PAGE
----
* UK to prioritise taxpayers in bank reforms-minister
* Minister declines comment on details of ICB bank report
* ICB report expected to back "ring-fencing" retail banking
* ICB also expected to back higher capital, more competition
(Updates throughout with more comment, detail, background)
LONDON, April 10 (Reuters) - Britain will put the interests of taxpayers' ahead of the interests of banks when considering a potentially radical restructuring of the country's banking industry, government minister Danny Alexander said on Sunday.
Government officials received over the weekend an embargoed copy of Monday's interim report from the Independent Commission on Banking, which analysts expect will back ring-fencing banks' retail arms from riskier trading operations to protect savers.
The ICB report could also earmark higher capital for British banks and call for more competition in the sector.
Alexander -- who is Liberal Democrat Chief Secretary to the Treasury and number two to Conservative finance minister George Osborne -- did not comment on details of Monday's report, but said the Conservative/LibDem coalition government was determined to tackle problems within the banking industry.
"The government will take its obligations to taxpayers first. It is in the interests of taxpayers that will be uppermost in our mind in responding to this report, in taking this issue forward, not the interests of the banks," he told BBC television.
"We set up this commission because we have a serious problem which has caused enormous damage to our economy. These banks ... their balance sheets are 5 times the size of the British economy. We have to act on that and we certainly intend to."
BARCLAYS SEEN AS MOST AT RISK FROM ICB REPORT
The credit crisis battered Britain's banking industry, which is one of the main contributors to the UK economy. Britain had to bail out and part-nationalise Royal Bank of Scotland (RBS.L) and Lloyds (LLOY.L) and fully nationalise Northern Rock.
In light of this, the banking commission, headed up by Oxford University academic Sir John Vickers, is probing how to make the system safer and more competitive.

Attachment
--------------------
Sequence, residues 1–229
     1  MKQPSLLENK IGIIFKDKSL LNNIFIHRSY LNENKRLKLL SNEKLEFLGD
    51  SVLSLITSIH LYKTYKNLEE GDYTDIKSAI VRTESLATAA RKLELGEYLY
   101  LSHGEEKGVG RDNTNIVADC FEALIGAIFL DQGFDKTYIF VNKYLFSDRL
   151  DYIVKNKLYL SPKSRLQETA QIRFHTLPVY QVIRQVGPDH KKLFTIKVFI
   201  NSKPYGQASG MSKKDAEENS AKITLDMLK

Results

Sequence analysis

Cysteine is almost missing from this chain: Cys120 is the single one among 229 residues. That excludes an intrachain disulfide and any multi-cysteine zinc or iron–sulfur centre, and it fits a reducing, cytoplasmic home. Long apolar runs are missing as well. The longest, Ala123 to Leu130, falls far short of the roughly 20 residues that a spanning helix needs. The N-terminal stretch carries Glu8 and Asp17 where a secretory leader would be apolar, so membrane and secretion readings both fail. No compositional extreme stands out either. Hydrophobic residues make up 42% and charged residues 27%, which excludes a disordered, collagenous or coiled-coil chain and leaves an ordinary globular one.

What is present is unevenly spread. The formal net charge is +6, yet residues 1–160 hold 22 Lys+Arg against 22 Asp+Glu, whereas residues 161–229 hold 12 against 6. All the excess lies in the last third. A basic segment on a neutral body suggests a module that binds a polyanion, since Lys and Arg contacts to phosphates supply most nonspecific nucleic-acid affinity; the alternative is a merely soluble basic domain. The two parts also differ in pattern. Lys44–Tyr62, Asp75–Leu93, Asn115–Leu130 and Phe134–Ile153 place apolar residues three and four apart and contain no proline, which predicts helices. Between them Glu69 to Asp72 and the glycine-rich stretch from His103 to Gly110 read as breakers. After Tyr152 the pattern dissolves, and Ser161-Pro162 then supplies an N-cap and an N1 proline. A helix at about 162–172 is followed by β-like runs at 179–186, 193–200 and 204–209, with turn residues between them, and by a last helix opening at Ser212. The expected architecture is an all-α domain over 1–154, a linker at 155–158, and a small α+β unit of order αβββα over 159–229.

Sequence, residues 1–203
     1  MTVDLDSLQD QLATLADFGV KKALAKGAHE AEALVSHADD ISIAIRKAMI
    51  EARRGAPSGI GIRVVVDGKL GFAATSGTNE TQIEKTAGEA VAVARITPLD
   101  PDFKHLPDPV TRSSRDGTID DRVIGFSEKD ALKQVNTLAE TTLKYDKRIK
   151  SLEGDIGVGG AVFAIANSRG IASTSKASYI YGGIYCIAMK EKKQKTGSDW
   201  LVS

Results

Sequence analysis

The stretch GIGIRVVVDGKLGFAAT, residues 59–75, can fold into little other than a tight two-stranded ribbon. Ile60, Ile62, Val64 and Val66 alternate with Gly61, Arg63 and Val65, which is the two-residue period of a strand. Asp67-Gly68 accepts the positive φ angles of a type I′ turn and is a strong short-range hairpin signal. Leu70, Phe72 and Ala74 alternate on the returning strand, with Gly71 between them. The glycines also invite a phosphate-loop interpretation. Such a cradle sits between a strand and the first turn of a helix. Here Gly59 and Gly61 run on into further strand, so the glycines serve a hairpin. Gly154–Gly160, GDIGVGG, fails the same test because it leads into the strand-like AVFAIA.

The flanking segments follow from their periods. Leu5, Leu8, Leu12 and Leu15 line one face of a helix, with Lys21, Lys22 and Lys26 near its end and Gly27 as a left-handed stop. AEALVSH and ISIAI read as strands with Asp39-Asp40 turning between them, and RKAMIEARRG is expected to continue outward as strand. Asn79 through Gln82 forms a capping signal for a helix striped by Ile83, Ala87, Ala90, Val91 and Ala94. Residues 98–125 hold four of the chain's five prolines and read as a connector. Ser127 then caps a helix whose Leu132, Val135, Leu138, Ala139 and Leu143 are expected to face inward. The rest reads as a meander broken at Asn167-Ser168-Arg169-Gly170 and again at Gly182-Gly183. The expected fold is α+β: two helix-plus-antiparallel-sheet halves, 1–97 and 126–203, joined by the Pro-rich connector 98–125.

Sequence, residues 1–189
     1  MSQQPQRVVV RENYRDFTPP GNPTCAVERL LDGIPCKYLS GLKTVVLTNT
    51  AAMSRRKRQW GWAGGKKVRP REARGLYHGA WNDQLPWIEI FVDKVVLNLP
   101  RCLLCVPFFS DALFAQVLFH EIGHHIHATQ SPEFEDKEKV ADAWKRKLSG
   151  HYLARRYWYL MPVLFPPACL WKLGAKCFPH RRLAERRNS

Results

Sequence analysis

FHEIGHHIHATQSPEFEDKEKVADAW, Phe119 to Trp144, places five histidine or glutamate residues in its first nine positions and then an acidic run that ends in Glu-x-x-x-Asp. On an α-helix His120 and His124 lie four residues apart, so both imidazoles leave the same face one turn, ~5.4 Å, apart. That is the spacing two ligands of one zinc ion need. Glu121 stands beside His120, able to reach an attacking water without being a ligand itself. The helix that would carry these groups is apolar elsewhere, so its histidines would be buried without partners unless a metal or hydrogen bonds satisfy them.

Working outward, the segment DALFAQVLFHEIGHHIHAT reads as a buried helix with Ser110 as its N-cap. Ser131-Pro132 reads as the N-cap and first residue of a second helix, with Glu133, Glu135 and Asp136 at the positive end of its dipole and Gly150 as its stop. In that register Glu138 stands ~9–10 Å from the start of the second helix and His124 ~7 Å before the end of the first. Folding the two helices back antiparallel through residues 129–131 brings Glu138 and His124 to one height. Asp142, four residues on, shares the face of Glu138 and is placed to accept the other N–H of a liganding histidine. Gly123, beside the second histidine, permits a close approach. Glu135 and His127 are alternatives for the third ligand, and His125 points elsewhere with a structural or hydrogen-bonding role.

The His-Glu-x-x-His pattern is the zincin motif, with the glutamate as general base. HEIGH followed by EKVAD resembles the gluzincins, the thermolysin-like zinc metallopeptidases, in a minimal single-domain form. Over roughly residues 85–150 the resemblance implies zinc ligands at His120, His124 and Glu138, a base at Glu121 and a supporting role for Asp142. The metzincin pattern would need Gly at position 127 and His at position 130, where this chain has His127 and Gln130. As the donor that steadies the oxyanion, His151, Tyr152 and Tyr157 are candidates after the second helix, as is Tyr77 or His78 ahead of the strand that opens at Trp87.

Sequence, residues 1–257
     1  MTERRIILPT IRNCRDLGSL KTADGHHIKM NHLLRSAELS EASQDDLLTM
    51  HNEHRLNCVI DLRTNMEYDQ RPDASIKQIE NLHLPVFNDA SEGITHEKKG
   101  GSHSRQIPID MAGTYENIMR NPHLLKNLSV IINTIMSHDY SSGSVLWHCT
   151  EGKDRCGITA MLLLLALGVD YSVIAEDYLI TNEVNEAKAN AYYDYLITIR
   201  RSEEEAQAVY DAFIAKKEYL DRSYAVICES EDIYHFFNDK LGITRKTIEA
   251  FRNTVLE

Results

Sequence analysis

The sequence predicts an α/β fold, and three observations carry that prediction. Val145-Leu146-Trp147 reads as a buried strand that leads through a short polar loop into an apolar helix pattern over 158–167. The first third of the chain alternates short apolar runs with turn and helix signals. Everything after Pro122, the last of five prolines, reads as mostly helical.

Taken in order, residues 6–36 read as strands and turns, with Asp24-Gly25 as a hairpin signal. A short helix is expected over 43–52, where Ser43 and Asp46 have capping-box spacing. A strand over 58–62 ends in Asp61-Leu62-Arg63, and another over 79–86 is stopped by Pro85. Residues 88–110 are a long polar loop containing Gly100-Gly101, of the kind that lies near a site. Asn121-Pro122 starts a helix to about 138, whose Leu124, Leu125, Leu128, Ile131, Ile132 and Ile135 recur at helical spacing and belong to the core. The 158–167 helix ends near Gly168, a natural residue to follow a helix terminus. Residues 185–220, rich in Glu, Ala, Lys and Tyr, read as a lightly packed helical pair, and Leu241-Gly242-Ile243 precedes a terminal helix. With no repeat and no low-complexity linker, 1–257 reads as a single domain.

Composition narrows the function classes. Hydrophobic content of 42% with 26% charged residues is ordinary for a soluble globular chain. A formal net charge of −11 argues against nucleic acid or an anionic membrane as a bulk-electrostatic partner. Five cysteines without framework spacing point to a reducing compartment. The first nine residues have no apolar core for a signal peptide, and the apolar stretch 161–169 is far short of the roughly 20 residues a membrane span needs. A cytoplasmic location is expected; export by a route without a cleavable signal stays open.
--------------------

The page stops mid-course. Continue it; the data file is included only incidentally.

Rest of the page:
Analysts polled by Reuters expect the ICB to recommend that UK banks form separate subsidiaries for their retail and investment banking arms, thereby "ring-fencing" and protecting savers if the investment bank fails. [ID:nLDE736259] [ID:nLDE72O0X7]
The "ring-fencing" model is aimed at protecting ordinary savers if a company's investment bank fails, and to ensure that a bank's "utility" functions -- such as money transfers or lending to businesses -- still operate under such a scenario.
"Our priority as a government is to make sure that those people who recklessly gambled with our economy are no longer able to be bailed out by taxpayers," said Alexander.
"That's why this commission is looking at separation issues within the banking system to make sure that the bits that are valuable to us as an economy, retail banking and so on, could be protected whereas those people who engage in that sort of casino banking take responsibility for themselves," he added.
Britain's "Big Four" banks - Lloyds, Barclays (BARC.L), HSBC (HSBA.L) (0005.HK) and Royal Bank of Scotland - have all resisted calls for a radical shake-up of their business.
The ICB's findings could also affect Spanish bank Santander (SAN.MC), which now owns the former UK bank brand Abbey, and Standard Chartered (STAN.L) (2888.HK), which is headquartered in London despite making most of its money in Asia.
There is a perceived risk that the likes of Barclays and HSBC could move their headquarters away from London if British banking regulation becomes too much of a burden. [ID:nLDE72T1YL]
Management consultancy Oliver Wyman last month put the cost of Vickers' proposed reforms to UK banks at up to 15 billion pounds ($24.58 billion) a year, while analysts polled by Reuters said Barclays was most at risk from the possible changes to the industry. [ID:nLDE736259] ($1=.6103 Pound) (Reporting by Sudip Kar-Gupta; Editing by Jon Loades-Carter)